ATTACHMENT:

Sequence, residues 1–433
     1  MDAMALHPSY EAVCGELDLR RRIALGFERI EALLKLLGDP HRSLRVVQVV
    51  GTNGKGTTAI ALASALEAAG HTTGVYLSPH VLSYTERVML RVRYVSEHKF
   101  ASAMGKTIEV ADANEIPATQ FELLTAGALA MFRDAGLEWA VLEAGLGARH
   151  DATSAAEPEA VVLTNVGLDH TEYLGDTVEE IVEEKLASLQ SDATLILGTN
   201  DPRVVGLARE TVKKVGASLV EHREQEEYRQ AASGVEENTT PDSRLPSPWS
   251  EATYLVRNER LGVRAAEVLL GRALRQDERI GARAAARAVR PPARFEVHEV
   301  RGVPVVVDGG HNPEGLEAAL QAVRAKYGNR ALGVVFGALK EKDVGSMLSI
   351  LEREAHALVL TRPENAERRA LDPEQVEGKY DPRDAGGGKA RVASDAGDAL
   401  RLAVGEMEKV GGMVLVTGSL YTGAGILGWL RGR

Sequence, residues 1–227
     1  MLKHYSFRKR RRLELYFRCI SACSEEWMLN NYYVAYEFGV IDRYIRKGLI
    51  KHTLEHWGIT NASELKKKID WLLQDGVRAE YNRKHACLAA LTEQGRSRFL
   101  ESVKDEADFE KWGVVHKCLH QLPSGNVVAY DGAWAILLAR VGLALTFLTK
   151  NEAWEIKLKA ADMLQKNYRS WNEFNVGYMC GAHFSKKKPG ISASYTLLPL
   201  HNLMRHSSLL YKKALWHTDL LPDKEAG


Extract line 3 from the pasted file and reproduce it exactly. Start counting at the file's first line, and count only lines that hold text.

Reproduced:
    51  GTNGKGTTAI ALASALEAAG HTTGVYLSPH VLSYTERVML RVRYVSEHKF